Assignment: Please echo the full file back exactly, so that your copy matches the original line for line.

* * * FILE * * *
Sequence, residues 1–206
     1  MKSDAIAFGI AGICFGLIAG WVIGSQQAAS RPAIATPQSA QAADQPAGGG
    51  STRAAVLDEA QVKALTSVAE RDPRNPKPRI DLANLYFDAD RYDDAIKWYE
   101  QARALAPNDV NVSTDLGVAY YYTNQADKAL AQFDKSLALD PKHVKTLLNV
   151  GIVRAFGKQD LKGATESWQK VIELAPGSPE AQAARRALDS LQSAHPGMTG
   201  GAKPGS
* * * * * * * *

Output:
Sequence, residues 1–206
     1  MKSDAIAFGI AGICFGLIAG WVIGSQQAAS RPAIATPQSA QAADQPAGGG
    51  STRAAVLDEA QVKALTSVAE RDPRNPKPRI DLANLYFDAD RYDDAIKWYE
   101  QARALAPNDV NVSTDLGVAY YYTNQADKAL AQFDKSLALD PKHVKTLLNV
   151  GIVRAFGKQD LKGATESWQK VIELAPGSPE AQAARRALDS LQSAHPGMTG
   201  GAKPGS